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Mortgage Interest Deduction: What’s Deductible in 2019?

Homeownership comes with several perks — one of them is the ability to deduct the interest portion of your monthly mortgage payments. The mortgage interest deduction allows you to reduce your taxable income by the amount of interest paid on your home loan during the previous year, which can add up to significant savings come tax time.

There have been no changes to the mortgage interest deduction since the Tax Cuts and Jobs Act of 2017, which says individual taxpayers are allowed to deduct interest paid on up to $750,000 of mortgage debt.

In this article, we’ll cover:

What is the mortgage interest deduction?

The mortgage interest deduction is used to deduct the interest paid on a home loan in a given year. Taxpayers can deduct the interest paid on mortgages secured by their primary residence and a second home, if applicable, for loans used to buy, build or substantially improve the property.

Since the Tax Cuts and Jobs Act was enacted, taxpayers who took out a mortgage after Dec. 15, 2017, can deduct only the interest paid on up to $750,000 of mortgage debt, or $375,000 for married couples filing separately. The mortgage interest deduction limit for home loans originated before Dec. 15, 2017, is $1 million for individuals and $500,000 for married couples filing separately.

Your mortgage lender will send you a Form 1098 by Jan. 31, which reports how much you paid in mortgage interest during the previous year. If you have more than one mortgage, including a home equity loan or home equity line of credit, you should receive a Form 1098 for each loan.

Keep your total interest amount in mind and compare it to the standard deduction that applies to your taxpayer filing status. For example, the standard deduction amount for individual taxpayers is $12,000. If the interest you paid the year prior is higher than your standard deduction amount, you’ll want to itemize each of the deductions you qualify for, including the mortgage interest tax deduction. Otherwise, it might be more beneficial to take the standard deduction. Consult a tax professional for additional guidance.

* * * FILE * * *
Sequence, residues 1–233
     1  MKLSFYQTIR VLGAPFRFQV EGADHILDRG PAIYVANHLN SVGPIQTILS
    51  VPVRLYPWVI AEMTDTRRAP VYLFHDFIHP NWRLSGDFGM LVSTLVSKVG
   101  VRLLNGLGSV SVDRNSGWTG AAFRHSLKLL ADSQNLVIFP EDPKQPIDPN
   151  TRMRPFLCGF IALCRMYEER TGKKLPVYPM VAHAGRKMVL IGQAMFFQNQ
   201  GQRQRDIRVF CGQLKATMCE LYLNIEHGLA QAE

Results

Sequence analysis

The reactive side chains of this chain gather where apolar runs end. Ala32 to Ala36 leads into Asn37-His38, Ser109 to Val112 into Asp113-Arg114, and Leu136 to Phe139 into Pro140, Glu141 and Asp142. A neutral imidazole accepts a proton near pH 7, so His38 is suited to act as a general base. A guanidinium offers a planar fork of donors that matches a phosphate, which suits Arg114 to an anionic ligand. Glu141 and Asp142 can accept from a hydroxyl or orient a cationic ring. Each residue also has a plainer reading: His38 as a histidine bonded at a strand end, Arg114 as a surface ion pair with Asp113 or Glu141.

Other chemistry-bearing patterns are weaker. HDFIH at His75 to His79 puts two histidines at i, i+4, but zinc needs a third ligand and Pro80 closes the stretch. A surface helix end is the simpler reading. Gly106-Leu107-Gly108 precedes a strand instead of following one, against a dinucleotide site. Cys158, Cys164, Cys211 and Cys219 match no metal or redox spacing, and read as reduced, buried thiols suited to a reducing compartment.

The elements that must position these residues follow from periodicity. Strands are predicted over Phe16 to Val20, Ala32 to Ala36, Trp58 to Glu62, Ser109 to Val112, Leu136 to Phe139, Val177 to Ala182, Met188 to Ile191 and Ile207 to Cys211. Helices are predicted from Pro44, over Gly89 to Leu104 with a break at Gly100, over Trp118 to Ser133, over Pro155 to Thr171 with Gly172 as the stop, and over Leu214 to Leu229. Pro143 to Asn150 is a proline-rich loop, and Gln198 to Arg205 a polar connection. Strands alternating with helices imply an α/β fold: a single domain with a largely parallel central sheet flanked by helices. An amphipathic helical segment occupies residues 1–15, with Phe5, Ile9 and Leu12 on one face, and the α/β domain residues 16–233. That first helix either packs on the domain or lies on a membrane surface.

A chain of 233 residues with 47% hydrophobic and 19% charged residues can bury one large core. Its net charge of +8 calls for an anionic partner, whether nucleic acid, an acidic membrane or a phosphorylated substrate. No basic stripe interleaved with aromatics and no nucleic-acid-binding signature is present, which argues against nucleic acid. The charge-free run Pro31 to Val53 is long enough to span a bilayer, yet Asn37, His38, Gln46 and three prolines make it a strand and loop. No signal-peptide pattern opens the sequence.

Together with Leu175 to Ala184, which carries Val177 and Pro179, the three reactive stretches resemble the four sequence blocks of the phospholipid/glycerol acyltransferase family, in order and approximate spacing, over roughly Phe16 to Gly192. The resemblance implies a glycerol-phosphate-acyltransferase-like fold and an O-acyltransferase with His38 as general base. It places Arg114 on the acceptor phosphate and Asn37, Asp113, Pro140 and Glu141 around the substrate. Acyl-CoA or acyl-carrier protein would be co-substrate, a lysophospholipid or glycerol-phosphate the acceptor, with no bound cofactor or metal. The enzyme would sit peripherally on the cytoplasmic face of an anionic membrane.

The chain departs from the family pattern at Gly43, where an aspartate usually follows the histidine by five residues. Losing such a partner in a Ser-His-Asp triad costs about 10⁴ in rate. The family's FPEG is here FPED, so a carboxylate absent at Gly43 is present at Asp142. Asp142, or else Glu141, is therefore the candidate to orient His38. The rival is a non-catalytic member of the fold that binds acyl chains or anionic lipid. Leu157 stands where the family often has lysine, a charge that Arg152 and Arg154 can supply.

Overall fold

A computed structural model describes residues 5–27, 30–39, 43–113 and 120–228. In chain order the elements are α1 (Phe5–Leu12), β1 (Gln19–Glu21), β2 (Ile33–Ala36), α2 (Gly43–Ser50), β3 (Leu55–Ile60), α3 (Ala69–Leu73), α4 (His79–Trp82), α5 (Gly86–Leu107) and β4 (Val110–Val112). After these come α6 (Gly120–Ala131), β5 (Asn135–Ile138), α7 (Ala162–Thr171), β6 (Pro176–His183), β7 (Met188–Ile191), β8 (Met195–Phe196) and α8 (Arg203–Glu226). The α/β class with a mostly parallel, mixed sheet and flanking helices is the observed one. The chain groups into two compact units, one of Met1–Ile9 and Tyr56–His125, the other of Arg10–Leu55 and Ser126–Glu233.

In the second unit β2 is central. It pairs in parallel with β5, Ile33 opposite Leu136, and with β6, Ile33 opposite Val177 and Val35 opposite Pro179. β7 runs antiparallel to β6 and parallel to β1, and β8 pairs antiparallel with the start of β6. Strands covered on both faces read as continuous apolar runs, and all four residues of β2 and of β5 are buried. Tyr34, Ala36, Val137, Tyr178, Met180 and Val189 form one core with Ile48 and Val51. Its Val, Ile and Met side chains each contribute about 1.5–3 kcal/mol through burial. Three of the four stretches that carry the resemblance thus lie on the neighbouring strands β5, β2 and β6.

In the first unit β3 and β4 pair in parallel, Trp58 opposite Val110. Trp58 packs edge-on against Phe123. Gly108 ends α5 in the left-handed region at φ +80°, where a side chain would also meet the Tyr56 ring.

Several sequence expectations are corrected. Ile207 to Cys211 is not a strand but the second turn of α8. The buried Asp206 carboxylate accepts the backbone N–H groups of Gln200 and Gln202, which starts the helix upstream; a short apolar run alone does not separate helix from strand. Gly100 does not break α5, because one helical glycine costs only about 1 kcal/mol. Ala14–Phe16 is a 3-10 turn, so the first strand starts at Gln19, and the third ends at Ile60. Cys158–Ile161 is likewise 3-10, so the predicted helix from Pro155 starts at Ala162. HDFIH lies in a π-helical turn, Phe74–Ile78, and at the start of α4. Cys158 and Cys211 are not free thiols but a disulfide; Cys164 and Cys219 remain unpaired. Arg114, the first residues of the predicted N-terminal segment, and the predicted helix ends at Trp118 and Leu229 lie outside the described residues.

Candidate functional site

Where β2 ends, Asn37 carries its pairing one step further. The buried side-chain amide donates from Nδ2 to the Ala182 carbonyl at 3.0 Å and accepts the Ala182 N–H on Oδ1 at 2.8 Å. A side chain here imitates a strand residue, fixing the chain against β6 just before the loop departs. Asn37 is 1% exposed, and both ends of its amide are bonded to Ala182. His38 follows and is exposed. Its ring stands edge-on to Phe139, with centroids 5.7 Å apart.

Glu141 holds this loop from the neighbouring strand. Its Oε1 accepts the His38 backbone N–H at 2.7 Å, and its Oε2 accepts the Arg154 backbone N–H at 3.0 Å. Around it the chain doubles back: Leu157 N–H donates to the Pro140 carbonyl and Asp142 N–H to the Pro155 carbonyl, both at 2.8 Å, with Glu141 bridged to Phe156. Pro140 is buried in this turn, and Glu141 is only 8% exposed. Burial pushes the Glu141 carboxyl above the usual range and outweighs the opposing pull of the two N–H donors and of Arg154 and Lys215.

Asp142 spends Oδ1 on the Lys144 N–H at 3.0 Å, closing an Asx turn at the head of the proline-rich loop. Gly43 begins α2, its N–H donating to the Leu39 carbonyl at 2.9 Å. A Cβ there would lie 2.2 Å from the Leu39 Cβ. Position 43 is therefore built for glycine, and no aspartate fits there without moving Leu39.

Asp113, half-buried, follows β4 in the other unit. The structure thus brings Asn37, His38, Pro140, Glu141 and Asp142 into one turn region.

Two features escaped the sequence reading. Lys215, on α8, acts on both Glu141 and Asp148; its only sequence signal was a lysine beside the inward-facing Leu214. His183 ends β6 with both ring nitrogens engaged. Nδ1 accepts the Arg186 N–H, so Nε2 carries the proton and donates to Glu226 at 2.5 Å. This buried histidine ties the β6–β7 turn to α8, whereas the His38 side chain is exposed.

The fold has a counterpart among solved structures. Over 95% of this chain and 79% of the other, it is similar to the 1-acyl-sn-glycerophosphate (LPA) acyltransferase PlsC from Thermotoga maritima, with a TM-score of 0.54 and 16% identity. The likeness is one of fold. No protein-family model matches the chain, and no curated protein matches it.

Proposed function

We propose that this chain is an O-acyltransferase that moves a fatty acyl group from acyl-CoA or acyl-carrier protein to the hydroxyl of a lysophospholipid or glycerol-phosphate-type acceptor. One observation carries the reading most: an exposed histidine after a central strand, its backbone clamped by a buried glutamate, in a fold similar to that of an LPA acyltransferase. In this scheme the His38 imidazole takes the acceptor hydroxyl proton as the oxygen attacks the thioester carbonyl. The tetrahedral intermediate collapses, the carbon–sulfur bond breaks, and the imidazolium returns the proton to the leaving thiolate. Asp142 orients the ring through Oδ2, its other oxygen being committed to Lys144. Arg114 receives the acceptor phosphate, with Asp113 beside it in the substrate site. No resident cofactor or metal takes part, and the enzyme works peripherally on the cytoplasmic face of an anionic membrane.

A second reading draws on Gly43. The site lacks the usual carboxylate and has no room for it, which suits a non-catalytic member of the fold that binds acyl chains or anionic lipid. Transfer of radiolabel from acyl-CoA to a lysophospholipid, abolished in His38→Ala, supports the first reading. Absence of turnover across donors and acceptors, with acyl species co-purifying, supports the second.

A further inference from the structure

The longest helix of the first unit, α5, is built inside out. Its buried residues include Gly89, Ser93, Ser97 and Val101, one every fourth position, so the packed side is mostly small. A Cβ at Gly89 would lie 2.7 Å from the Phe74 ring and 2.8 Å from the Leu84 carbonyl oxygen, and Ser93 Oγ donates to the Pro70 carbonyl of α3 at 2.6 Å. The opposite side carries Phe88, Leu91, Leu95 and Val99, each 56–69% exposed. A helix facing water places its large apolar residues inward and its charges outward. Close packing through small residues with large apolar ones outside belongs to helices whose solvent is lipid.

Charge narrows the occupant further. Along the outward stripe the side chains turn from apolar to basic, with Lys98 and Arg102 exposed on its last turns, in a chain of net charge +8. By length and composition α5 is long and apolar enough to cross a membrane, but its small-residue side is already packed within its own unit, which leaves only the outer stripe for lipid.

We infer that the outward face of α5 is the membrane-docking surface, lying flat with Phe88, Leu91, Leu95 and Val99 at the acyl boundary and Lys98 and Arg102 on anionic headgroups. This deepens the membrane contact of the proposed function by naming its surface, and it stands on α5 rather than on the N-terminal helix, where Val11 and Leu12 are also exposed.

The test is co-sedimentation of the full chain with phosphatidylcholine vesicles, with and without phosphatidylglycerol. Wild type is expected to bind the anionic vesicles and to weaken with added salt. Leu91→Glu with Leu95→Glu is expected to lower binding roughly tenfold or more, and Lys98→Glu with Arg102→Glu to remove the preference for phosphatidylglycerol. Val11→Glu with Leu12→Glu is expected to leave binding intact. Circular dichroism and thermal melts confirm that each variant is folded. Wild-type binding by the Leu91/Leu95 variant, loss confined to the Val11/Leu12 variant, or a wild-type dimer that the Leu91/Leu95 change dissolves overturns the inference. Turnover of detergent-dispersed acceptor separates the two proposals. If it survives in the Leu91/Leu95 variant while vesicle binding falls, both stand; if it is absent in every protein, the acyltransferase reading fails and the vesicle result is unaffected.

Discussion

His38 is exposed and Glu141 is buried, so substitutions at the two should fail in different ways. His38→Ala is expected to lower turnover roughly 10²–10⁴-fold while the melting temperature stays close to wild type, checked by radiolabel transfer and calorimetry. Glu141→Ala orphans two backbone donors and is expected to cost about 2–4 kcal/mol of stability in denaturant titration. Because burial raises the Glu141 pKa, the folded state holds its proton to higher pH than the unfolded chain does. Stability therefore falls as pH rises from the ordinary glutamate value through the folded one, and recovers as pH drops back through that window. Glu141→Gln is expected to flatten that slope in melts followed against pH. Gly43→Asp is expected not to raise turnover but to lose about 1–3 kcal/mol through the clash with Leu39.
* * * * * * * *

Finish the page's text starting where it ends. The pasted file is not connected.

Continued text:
What types of mortgage interest are deductible?

The interest portion of your monthly mortgage payment isn’t the only interest you can deduct on your tax bill. Here are other types of deductible interest to keep in mind, according to the Internal Revenue Service:

  • Mortgage points, or prepaid interest, paid at closing
  • Late payment charges that aren’t associated with a specific loan service
  • Prepayment penalties assessed for early repayment of your loan
  • Interest paid on the mortgage before the sale date
  • Interest paid through participation in the Hardest Hit Fund and emergency homeowners loan programs

Can I claim a home equity loan interest deduction?

You can take a home equity loan interest deduction, but the mortgage interest deduction rules also apply to these types of loans. In other words, you can only deduct the interest paid on home equity loans or lines of credit in cases where you borrowed money to buy, build or substantially improve your main home or second home. Second mortgages used to consolidate debt, cover college expenses or fund some other goal won’t qualify for the deduction.

The dollar limits mentioned above for single taxpayers and married taxpayers filing separately — $750,000 and $350,000, respectively — apply to the total amount of loans secured by your primary home or second home. That includes first mortgages and home equity loans or lines.

For example, if you’re single, have a $400,000 mortgage on your main home and a $400,000 HELOC, you have $800,000 in mortgage debt. However, you can deduct the interest paid on only $750,000 of that amount.

A quick note about cash-out refinances: The interest paid on the equity you cash out as part of the transaction isn’t deductible, unless those funds are used for home improvements.

How to claim the mortgage interest deduction in 2019

As you gather your tax-related documents to prepare for the filing season, review the following steps to claim the mortgage interest deduction on your 2019 tax bill:

  • Wait for your Form 1098(s) from your mortgage lender(s). Review the reported amount of interest paid in Box 1 on each form.
  • Compare the standard deduction amount you qualify for to your total deductible mortgage interest.
  • Determine whether to take the standard deduction or to itemize your deductions. If your total itemized deduction amount doesn’t exceed the standard deduction amount for your tax filing status, then you won’t itemize deductions.
  • If the total amount of your itemized deductions is higher than your standard deduction amount, then you’d claim the mortgage interest deduction and any other deductions you qualify for on Schedule A of your tax return.
 

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